Travis and his team at DISA — 44 employees and 150 contractors — used commercial, off-the-shelf (COTS) products, such as IBM’s Netcool, to create an integrated network management system that provides a unified view of events, performance, problems and services. He calls it a major improvement over the previous fragmented setup.
“Every technology was deployed as a silo, and each silo had its own operations support element that created its own view — giving us dozens of views,” Travis says. “When you wanted to correlate something, you had to go to multiple screens in multiple network operations centers colocated in the same building.”
Automate Everything to Improve Visibility
DISA’s network consolidation process began in 2003. “The first challenge was to build interfaces with the COTS products so they could communicate with each layer,” Travis says. “The next stage will be to integrate the compute side with the transport side, so the same tool provides visibility into both.”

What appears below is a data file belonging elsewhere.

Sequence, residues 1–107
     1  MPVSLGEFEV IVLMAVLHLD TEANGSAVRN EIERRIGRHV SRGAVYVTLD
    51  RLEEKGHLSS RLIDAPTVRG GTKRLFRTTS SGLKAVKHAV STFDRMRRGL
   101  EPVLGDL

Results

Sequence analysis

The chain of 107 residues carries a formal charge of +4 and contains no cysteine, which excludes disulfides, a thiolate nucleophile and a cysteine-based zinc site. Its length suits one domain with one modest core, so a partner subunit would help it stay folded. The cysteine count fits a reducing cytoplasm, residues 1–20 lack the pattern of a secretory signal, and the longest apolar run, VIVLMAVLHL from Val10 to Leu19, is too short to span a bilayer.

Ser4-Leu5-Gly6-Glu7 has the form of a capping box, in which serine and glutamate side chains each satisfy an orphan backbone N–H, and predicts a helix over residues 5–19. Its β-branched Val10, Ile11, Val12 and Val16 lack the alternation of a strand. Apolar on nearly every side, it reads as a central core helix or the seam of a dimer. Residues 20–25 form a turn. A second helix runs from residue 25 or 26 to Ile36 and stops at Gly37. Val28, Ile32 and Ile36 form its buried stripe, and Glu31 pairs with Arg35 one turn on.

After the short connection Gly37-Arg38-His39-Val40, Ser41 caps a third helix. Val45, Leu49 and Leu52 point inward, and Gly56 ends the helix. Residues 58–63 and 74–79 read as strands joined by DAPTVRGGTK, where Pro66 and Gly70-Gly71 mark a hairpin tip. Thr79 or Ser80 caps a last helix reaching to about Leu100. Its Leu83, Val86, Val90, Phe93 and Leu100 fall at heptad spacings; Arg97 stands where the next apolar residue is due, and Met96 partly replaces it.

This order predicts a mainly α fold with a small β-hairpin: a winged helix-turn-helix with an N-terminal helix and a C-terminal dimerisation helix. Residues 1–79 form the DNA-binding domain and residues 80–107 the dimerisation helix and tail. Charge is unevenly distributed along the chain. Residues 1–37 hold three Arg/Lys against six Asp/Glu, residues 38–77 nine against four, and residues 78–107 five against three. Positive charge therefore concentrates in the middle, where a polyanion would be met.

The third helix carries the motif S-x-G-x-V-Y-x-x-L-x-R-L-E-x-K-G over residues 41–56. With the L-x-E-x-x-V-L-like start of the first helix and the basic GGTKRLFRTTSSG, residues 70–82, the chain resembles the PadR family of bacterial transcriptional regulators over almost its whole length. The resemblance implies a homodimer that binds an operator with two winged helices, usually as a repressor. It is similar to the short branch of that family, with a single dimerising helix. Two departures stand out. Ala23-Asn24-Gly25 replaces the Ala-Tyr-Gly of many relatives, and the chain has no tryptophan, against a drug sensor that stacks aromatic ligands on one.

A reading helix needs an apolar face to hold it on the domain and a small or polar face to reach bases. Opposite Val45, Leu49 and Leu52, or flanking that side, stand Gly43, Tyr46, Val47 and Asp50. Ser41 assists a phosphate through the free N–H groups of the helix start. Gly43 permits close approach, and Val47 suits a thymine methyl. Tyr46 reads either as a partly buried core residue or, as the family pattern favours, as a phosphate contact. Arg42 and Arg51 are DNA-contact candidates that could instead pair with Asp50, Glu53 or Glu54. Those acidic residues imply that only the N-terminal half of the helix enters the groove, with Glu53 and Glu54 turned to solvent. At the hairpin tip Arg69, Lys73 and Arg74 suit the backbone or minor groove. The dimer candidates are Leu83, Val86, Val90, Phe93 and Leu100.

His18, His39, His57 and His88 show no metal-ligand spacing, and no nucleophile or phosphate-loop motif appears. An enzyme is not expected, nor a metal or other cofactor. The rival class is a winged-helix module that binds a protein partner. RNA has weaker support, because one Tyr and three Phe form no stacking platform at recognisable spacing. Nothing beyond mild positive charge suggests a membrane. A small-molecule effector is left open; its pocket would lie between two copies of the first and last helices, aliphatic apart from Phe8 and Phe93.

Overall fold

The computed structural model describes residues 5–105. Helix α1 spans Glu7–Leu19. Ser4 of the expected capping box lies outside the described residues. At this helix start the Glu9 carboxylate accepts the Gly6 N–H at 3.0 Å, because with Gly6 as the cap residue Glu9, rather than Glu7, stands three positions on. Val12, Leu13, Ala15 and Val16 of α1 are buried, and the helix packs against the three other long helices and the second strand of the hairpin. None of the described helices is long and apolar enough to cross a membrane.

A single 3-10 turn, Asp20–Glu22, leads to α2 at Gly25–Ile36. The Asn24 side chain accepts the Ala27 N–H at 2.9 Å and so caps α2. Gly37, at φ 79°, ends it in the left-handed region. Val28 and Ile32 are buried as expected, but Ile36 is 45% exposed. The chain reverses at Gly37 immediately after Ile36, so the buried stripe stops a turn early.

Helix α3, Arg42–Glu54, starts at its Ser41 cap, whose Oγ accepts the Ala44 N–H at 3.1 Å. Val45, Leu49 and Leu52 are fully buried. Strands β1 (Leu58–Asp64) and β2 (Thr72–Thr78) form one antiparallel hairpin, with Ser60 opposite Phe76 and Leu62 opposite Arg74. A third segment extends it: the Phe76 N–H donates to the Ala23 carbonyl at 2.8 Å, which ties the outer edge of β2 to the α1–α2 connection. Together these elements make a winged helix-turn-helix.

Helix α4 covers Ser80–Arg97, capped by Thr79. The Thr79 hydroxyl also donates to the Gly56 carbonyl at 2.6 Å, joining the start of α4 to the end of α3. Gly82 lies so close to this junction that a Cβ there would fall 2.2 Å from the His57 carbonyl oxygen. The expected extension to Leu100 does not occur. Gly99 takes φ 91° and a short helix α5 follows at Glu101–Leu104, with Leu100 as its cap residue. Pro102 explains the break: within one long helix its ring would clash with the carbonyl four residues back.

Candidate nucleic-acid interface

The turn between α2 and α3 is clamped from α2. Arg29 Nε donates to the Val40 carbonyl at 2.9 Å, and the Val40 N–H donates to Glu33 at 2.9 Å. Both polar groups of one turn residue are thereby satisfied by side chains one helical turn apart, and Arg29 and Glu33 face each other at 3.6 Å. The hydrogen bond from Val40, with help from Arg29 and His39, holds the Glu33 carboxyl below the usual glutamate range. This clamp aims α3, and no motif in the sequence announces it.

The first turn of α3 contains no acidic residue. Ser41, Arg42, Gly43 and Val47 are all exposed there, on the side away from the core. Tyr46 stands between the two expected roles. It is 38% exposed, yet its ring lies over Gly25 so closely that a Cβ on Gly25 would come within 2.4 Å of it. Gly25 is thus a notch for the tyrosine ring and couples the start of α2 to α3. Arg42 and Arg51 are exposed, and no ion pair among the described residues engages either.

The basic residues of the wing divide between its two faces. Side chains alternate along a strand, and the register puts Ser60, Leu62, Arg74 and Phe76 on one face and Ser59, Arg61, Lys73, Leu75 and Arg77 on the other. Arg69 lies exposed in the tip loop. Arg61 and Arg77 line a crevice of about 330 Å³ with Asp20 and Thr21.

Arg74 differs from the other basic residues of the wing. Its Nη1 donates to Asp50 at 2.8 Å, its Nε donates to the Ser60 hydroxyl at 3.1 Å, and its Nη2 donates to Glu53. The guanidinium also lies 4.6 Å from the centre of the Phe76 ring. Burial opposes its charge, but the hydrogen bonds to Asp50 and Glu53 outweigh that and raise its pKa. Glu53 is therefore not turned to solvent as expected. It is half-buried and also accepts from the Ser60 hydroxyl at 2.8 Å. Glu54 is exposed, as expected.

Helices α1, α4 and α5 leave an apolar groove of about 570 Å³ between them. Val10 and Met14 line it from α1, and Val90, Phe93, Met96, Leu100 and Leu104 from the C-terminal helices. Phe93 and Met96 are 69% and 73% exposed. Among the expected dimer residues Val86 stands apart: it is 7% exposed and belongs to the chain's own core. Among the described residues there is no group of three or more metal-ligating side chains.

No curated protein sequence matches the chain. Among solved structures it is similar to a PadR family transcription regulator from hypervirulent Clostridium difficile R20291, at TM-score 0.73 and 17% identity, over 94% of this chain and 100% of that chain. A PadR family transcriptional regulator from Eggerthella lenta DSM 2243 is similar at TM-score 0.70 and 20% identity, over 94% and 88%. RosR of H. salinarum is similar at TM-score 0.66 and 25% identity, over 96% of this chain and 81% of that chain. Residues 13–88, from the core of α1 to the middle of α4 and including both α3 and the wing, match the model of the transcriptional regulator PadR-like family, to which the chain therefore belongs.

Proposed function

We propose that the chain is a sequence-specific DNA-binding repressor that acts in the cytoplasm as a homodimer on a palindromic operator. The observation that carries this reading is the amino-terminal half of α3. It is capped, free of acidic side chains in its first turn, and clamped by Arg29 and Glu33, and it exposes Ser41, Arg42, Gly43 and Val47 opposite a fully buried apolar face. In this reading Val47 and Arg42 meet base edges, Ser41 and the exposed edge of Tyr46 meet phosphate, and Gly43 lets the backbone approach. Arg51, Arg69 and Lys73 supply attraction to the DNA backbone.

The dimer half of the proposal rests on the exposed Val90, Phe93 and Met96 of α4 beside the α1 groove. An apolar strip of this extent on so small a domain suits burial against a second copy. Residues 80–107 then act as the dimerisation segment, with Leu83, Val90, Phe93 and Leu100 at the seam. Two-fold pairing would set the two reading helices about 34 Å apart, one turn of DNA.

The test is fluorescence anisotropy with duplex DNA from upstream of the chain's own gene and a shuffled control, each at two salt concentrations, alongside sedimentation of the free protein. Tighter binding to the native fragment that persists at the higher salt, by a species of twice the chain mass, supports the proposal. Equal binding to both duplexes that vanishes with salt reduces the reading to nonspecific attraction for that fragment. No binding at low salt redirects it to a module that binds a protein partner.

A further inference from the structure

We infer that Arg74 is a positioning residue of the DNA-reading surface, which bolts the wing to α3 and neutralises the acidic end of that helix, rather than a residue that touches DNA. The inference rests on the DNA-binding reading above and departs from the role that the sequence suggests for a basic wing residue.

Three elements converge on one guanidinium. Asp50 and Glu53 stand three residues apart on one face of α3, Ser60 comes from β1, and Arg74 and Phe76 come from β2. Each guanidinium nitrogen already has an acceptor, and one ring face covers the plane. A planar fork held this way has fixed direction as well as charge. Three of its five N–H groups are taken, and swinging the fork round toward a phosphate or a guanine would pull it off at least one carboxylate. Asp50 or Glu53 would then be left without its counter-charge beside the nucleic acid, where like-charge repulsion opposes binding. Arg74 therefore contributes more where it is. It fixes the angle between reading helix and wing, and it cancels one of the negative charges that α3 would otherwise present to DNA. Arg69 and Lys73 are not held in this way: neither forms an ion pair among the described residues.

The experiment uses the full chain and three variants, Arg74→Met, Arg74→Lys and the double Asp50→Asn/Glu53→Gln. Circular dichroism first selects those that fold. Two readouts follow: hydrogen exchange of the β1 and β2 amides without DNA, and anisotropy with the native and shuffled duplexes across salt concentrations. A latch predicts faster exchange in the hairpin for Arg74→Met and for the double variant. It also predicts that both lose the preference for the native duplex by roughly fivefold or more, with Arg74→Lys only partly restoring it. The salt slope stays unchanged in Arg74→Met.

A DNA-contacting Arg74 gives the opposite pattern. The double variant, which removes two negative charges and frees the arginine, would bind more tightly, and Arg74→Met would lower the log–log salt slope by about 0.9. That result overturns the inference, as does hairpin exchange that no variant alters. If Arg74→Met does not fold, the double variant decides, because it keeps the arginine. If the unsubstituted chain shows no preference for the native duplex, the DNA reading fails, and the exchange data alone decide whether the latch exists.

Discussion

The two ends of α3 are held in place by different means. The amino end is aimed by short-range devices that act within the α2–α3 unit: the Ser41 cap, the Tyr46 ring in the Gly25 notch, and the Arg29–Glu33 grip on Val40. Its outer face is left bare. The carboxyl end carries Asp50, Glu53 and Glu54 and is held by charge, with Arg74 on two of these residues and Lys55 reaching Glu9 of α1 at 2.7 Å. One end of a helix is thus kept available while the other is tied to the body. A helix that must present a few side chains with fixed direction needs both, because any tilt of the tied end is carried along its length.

Travis also wants tools that can automate some discovery tasks, requiring less manual configuration. The goal is to take advantage of the increased automation vendors are building into products.
“The idea is ‘automate everything but leadership,’ ” he says. “That’s a metaphor for what my division tries to do: Look at every step of the process involved with operating IT and find ways to automate every bit we can.”
Besides creating a macro view for its own needs, DISA needs to create specialized views for its customers. A military hospital, for example, wouldn’t need visibility into the Air Force’s drone networks, or vice versa.